Intellectual Property Roundup

Copyright Office Urged to Okay DVD Copying by Consumers (MediaPost)
In a filing with the U.S. Copyright Office, advocacy group Public Knowledge argued that people should be able to copy the DVDs they’ve purchased in order to watch them on tablets.

YouTube Copyright Policy Revised (Guardian Liberty Voice)
YouTube has amended a form used to resolve copyright disputes after the operators of a German web channel received death threats by alleged Islamic extremists, who were able to gain the personal information by filing a fake copyright claim.

Amazon.book and the New Top-Level Domain Names (Publishers Weekly)
Amazon’s purchase of the .book generic top-level domain has prompted speculation about how the e-tailer plans to use it. Amazon bought the TLD for a reported $10 million last week, allowing it to sell domain names with the .book suffix.

Rightscorp Nails 30,000 Users For Piracy in One Month, Still Loses Money (Ars Technica)
Copyright enforcement company Rightscorp told investors it has closed 130,000 cases against Internet pirates, but despite that, the company’s newest earnings report shows it’s losing more money than ever.

Oracle and SAP Settle Bitter Software Piracy Lawsuit (TechWeek)
For years Oracle and its German rival SAP remained locked in a bitter lawsuit over software piracy, but now both parties have reportedly settled the lawsuit, ending seven years of legal wrangling.

Leahy Introduces Same-Sex Copyright Inheritance Bill (Roll Call)
Senate Judiciary Committee Chairman Patrick Leahy introduced a bill that would let spouses in same-sex marriages inherit each other’s copyrights regardless of whether or not the state where the copyright owner dies recognizes same-sex marriage.

Russia Amends Anti-Piracy Law (Broadband TV News)
The Russian Duma has passed an amended anti-piracy law that protects copyright in a number of fields, including literature, music and software, but not photographs.

Republicans Vow to Take on Patent Trolls in Next Session (The Daily Caller)
Speaking at the U.S. Chamber of Commerce’s Global IP Summit this week, House Judiciary Committee Chairman Bob Goodlatte claimed he is working with the incoming Senate leadership “to see patent legislation signed into law in the near future.”


Keith Kupferschmid is General Counsel and SVP, Intellectual Property Policy & Enforcement at SIIA. Follow Keith on Twitter at @keithkup and sign up for the Intellectual Property Roundup weekly newsletter here.

Intellectual Property Roundup

Germany’s top publisher bows to Google in news licensing row (Reuters)
Germany’s biggest news publisher Axel Springer has scrapped a move to block Google from running snippets of articles from its newspapers, saying that the experiment had caused traffic to its sites to plunge.

China Opens Intellectual Property Courts to Improve Image (Bloomberg News)
China will set up its first specialized court to handle intellectual property cases in Beijing within two weeks as it seeks to answer criticisms the country is lax in protecting such rights.

Bestwater – ECJ forces copyright owners to employ access restrictions(fieldfisher.com)
The ECJ ruled that unless the original publisher used technical access restrictions, embedded content would not reach “a new public.” The effect of this judgement is likely to lead to a more restrictive publishing practice, as copyright owners will seek to avoid free-riders taking advantage of the loop-hole the court seems to have legitimized.

Two men jailed over Dancing Jesus site music piracy (The BBC)
The website allowed members to post tens of thousands of illegal links to music which they had uploaded.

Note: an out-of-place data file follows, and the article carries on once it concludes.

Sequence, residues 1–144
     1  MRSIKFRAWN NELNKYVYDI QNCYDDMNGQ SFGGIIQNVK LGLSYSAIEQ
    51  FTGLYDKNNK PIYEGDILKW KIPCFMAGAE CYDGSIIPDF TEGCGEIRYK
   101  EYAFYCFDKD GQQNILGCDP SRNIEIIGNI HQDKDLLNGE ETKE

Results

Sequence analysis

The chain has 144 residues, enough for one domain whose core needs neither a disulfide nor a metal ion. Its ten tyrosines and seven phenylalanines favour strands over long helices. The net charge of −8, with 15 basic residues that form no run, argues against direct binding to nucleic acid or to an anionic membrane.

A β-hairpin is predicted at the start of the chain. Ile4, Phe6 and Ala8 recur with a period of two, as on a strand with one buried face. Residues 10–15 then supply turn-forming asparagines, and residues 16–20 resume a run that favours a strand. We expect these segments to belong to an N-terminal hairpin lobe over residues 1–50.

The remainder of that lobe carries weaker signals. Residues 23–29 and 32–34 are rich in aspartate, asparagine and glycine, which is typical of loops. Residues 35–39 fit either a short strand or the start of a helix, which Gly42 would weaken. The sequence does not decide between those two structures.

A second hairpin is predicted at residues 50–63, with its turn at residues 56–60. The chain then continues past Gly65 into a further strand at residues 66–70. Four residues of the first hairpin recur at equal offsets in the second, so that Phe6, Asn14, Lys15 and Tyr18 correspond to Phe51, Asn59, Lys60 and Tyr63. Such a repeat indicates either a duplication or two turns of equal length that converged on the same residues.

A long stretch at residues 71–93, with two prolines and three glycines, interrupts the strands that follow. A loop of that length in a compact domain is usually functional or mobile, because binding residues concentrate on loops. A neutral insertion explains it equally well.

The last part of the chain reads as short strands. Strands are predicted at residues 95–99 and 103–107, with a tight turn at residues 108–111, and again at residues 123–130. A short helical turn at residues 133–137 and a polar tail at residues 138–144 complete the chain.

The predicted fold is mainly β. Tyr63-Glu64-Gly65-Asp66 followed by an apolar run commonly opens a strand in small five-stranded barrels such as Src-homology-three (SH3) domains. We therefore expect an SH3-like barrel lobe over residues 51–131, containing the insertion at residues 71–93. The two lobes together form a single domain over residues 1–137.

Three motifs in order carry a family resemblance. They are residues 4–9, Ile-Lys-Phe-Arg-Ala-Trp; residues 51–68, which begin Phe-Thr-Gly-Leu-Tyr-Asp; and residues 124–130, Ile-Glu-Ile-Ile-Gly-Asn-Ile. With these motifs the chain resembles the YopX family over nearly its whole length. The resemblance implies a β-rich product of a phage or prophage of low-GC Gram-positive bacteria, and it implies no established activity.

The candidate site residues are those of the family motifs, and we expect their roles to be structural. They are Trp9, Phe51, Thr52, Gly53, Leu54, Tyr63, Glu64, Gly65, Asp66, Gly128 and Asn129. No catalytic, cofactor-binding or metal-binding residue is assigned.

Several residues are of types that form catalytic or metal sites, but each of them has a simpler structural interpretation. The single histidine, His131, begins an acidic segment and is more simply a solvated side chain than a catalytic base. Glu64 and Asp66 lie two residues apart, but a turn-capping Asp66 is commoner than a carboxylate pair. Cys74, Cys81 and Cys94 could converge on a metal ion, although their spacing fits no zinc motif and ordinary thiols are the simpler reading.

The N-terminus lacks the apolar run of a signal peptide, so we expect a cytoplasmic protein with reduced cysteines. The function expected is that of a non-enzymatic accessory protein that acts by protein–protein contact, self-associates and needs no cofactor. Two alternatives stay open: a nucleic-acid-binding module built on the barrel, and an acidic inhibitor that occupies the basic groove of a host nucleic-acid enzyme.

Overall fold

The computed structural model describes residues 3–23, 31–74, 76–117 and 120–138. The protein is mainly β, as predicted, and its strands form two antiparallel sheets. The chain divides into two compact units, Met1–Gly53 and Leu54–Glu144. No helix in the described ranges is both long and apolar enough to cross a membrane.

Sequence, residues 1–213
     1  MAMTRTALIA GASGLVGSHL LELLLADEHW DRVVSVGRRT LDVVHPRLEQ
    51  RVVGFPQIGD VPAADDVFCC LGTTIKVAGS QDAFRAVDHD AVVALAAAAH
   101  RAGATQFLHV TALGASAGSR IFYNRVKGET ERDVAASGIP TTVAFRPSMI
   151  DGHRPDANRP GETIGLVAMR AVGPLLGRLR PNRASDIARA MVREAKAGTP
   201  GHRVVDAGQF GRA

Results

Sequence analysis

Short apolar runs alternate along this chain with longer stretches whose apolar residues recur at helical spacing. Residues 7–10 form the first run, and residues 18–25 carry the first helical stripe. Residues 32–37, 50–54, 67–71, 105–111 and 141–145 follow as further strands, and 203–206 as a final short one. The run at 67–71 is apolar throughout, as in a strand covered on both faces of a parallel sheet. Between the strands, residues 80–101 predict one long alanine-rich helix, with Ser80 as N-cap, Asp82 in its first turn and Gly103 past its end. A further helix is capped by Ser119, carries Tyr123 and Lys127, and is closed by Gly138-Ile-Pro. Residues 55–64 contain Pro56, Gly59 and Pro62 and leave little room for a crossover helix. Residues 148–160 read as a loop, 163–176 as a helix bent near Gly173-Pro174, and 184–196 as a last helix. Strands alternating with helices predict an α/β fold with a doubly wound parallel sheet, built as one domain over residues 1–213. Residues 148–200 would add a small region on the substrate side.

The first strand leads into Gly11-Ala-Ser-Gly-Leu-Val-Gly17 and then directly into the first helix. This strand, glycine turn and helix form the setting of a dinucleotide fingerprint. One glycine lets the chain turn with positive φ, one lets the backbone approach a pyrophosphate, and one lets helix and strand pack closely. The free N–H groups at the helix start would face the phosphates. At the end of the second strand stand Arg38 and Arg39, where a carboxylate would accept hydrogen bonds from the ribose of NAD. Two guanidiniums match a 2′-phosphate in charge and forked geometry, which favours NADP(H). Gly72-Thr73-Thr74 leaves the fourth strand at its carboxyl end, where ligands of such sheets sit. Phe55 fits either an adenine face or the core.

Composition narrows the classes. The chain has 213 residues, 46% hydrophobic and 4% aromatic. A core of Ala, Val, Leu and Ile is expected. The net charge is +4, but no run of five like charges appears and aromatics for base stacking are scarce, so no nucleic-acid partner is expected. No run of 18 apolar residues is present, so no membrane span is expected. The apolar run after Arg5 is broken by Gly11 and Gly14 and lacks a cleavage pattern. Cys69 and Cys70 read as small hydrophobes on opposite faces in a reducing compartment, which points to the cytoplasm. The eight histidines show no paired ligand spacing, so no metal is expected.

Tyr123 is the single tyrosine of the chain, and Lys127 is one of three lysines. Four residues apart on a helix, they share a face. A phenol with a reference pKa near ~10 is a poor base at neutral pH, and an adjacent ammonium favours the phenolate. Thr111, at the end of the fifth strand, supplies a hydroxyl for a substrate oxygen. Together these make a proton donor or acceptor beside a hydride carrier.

AFM: Avi Lerner Warns Piracy Could Cripple Indie Film Business in Five Years (The Hollywood Reporter)
Lerner, the CEO of Nu Image, believes rampant piracy drained the theatrical audience because Expendables 3 was available online for illegal downloading three weeks before it hit theaters.


Keith Kupferschmid is General Counsel and SVP, Intellectual Property Policy & Enforcement at SIIA. Follow Keith on Twitter at @keithkup and sign up for the Intellectual Property Roundup weekly newsletter here.

Intellectual Property Roundup

China Opens Intellectual Property Courts to Improve Image (Bloomberg)
China will set up its first specialized court to handle intellectual property cases in Beijing within two weeks as it seeks to answer criticisms the country is lax in protecting such rights.

Bestwater – ECJ Forces Copyright Owners to Employ Access Restrictions(FieldFisher)
In a long-awaited decision, the ECJ confirmed its position towards “embedding” of copyright-protected content on a third-party website in the “Bestwater” case, ruling that unless the original publisher used technical access restrictions, embedded content would not reach “a new public.”

Google Takedown Requests Surge After New Anti-Piracy Measures (Torrent Freak)
The number of takedown notices sent by copyright holders has skyrocketed after Google implemented its new search downranking algorithm.

New EU Digital Chief Floats Tough Anti-Google Regulations (The Wall Street Journal)
Th incoming European Commissioner for the Digital Economy has already floated various anti-Google ideas, on of which is to reform existing copyright laws specifically targeting the tech company, in what amounts to an EU-wide “Google tax.”

Android Pirate Pleads Guilty to Criminal Copyright Infringement (Torrent Freak)
In a first-of-its-kind FBI operation carried out in 2012, several unauthorized Android marketplaces were seized and their operators arrested, accused of pirating close to $19 million in illicit apps. This week another member pleaded guilty to conspiracy to commit copyright infringement.

Pirate Bay Co-Founder Sentenced to 42 Months in Denmark (Reuters)
Gottfrid Warg, co-founder of The Pirate Bay, was sentenced to three and a half years in prison, in what the prosecutor called Denmark’s biggest-ever hacking case.


Keith Kupferschmid is General Counsel and SVP, Intellectual Property Policy & Enforcement at SIIA. Follow Keith on Twitter at @keithkup and sign up for the Intellectual Property Roundup weekly newsletter here.

Intellectual Property Roundup

UK High Court Orders ISPs to Block Trademark-Infringing Sites (Securing Industry)
A landmark ruling has been handed down in the UK that establishes the right of trademark owners to secure court orders blocking websites that sell counterfeit products.